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# GiovineItalia / Gadfly.jl

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``````Author = "Daniel C. Jones"
``````

# Plotting

Most interaction with Gadfly is through the `plot` function. Plots are described by binding data to aesthetics, and specifying a number of elements including [Scales](@ref lib_scale), [Coordinates](@ref lib_coord), [Guides](@ref lib_guide), and [Geometries](@ref lib_geom). Aesthetics are a set of special named variables that are mapped to a geometry. How this mapping occurs is defined by the elements.

This "grammar of graphics" approach tries to avoid arcane incantations and special cases, instead approaching the problem as if one were drawing a wiring diagram: data is connected to aesthetics, which act as input leads, and elements, each self-contained with well-defined inputs and outputs, are connected and combined to produce the desired result.

## Functions and Expressions

Along with the standard plot methods operating on DataFrames and Arrays described in the Tutorial, Gadfly has some special signatures to make plotting functions and expressions more convenient.

```plot(f::Function, lower, upper, elements...; mapping...)
plot(fs::Vector{T}, lower, upper, elements...; mapping...) where T <: Base.Callable
plot(f::Function, xmin, xmax, ymin, ymax, elements...; mapping...)
spy(M::AbstractMatrix, elements...; mapping...) -> Plot```

For example:

``````using Gadfly, Random
set_default_plot_size(21cm, 8cm)
Random.seed!(12345)
``````
``````p1 = plot([sin,cos], 0, 2pi)
p2 = plot((x,y)->sin(x)+cos(y), 0, 2pi, 0, 2pi)
p3 = spy(ones(33)*sin.(0:(pi/16):2pi)' + cos.(0:(pi/16):2pi)*ones(33)')
hstack(p1,p2,p3)
``````

## Adding to a plot

Another feature is that a plot can be added to incrementally, using `push!`.

``````using Gadfly
set_default_plot_size(14cm, 8cm)
``````
``````p = plot()
push!(p, layer(x=[2,4], y=[2,4], size=[1.4142], color=[colorant"gold"]))
push!(p, Coord.cartesian(fixed=true))
push!(p, Guide.title("My Awesome Plot"))
``````

## Wide-formatted data

Gadfly is designed to plot data in so-called "long form", in which data that is of the same type, or measuring the same quantity, are stored in a single column, and any factors or groups are specified by additional columns. This is how data is typically stored in a database.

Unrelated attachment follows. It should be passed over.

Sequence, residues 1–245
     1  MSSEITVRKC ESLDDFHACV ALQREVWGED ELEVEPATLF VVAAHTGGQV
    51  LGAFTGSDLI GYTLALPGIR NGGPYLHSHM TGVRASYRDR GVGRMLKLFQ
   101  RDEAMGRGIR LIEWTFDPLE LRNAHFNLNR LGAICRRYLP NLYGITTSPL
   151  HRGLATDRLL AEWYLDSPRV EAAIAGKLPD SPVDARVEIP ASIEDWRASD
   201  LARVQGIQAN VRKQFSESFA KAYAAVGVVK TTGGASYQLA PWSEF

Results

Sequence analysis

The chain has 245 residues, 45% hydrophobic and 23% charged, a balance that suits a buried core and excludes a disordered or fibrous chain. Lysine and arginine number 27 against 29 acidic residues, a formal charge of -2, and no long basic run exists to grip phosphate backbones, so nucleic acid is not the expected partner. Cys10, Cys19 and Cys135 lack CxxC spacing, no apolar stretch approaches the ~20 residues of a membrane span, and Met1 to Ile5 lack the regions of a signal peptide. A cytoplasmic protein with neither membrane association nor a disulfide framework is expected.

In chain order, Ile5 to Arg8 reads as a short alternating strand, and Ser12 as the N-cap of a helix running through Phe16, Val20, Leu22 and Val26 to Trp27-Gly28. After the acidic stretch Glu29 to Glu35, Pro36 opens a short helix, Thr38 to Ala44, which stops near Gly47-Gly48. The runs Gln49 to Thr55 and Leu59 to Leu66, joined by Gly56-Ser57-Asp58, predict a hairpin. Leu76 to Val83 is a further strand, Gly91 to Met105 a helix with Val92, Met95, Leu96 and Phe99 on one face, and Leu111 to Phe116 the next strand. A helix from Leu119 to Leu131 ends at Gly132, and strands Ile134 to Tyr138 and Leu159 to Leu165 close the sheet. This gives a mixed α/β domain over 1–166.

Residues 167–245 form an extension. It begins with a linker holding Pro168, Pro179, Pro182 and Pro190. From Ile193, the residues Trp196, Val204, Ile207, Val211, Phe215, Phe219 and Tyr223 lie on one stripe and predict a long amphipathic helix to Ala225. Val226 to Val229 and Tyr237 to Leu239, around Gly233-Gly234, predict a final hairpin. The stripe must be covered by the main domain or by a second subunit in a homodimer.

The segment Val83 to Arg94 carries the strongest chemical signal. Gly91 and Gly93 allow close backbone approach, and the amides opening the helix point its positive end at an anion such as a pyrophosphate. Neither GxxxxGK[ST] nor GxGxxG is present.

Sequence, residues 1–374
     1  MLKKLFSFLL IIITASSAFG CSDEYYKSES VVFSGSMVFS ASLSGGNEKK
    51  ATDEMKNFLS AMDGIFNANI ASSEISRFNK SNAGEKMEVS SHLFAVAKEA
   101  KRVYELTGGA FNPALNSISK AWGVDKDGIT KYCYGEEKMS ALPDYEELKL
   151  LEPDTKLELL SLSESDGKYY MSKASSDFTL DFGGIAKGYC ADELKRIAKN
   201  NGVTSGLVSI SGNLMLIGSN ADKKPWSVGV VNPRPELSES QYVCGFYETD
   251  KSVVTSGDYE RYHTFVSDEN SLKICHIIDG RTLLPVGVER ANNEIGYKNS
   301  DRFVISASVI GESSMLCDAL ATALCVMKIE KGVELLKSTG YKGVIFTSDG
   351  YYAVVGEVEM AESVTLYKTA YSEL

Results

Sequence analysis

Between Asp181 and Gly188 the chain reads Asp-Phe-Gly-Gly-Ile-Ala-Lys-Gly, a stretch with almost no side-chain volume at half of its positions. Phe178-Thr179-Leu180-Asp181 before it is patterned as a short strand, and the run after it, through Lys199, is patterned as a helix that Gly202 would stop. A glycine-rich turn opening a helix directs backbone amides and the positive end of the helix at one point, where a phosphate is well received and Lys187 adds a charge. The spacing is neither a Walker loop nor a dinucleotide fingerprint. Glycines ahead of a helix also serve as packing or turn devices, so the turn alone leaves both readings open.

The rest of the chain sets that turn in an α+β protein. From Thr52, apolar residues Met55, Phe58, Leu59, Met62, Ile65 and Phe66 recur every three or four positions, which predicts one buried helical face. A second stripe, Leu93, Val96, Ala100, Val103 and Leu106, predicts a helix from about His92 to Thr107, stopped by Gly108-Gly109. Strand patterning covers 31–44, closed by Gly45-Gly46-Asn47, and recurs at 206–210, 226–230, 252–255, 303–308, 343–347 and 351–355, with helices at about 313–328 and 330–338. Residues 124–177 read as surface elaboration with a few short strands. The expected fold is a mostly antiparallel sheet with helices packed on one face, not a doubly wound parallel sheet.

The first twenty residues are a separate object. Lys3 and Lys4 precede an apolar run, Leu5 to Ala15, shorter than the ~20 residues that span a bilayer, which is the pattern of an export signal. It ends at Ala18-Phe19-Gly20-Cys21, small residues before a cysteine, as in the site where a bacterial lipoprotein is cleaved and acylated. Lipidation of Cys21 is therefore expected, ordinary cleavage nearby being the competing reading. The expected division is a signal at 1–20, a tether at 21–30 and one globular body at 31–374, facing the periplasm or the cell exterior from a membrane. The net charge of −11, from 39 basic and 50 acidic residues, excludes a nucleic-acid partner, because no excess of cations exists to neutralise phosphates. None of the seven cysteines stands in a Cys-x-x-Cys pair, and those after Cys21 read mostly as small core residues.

Sometimes data tables are organized by grouping values of the same type into multiple columns, with a column name used to distinguish the grouping. We refer to this as "wide form" data.

To illustrate the difference consider some historical London birth rate data.

`births = RDatasets.dataset("HistData", "Arbuthnot")[:,[:Year, :Males, :Females]]`
Row Year Males Females
1 1629 5218 4683
2 1630 4858 4457
3 1631 4422 4102
4 1632 4994 4590
5 1633 5158 4839
6 1634 5035 4820
... ... ... ...

This table is wide form because "Males" and "Females" are two columns both measuring number of births. Wide form data can always be transformed to long form (e.g. with the `stack` function in DataFrames) but this can be inconvenient, especially if the data is not already in a DataFrame.

`stack(births, [:Males, :Females])`
Row variable value Year
1 Males 5218 1629
2 Males 4858 1630
3 Males 4422 1631
... ... ... ...
162 Females 7623 1708
163 Females 7380 1709
164 Females 7288 1710

The resulting table is long form with number of births in one column, here with the default name given by `stack`: "value". Data in this form can be plotted very conveniently with Gadfly.

``````using Gadfly, RDatasets
set_default_plot_size(14cm, 8cm)
``````
``````births = RDatasets.dataset("HistData", "Arbuthnot")[:,[:Year, :Males, :Females]] # hide
plot(stack(births, [:Males, :Females]), x=:Year, y=:value, color=:variable,
Geom.line)
``````

In some cases, explicitly transforming the data can be burdensome. Gadfly lets you avoid this by referring to columns or groups of columns in an implicit long-form version of the data.

``````plot(births, x=:Year, y=Col.value(:Males, :Females),
color=Col.index(:Males, :Females), Geom.line)
nothing # hide
``````

Here `Col.value` produces the concatenated values from a set of columns, and `Col.index` refers to a vector labeling each value in that concatenation by the column it came from. Also useful is `Row.index`, which will give the row index of items in a concatenation.

This syntax also lets us more conveniently plot data that is not in a DataFrame, such as matrices or arrays of arrays. Below we recreate the plot above for a third time after first converting the DataFrame to an Array.

``````births_array = convert(Matrix{Int}, births)
plot(births_array, x=Col.value(1), y=Col.value(2:3...),
color=Col.index(2:3...), Geom.line, Scale.color_discrete,
Guide.colorkey(labels=["Males","Females"]), Guide.xlabel("Year"))
nothing # hide
``````

When given no arguments `Row.index`, `Col.index`, and `Col.value` assume all columns are being concatenated.

And here's an example that illustrates two more points:

1. Adding a variable (`date1`) that isn't in the matrix `X`
2. Adding a discrete color scale that repeats (`color_rep`)
``````using Dates
palette = Scale.default_discrete_colors(11)
color_rep(nc::Int) = palette[mod1.(1:nc, length(palette))]
n = 14
X = exp.(-0.05*[1:50;]) * permutedims([1:n;])
date1 = collect(Date(2000):Month(1):Date(2004,2,1))
ci = Col.index(1:n...)

plot(X, x=repeat(date1, inner=n),
y=Col.value(1:n...), color=ci, linestyle=ci,
Geom.line, Scale.color_discrete(color_rep)
)
``````

Lastly, plotting arrays of vectors works in much the same way as matrices, but constituent vectors may be of varying lengths.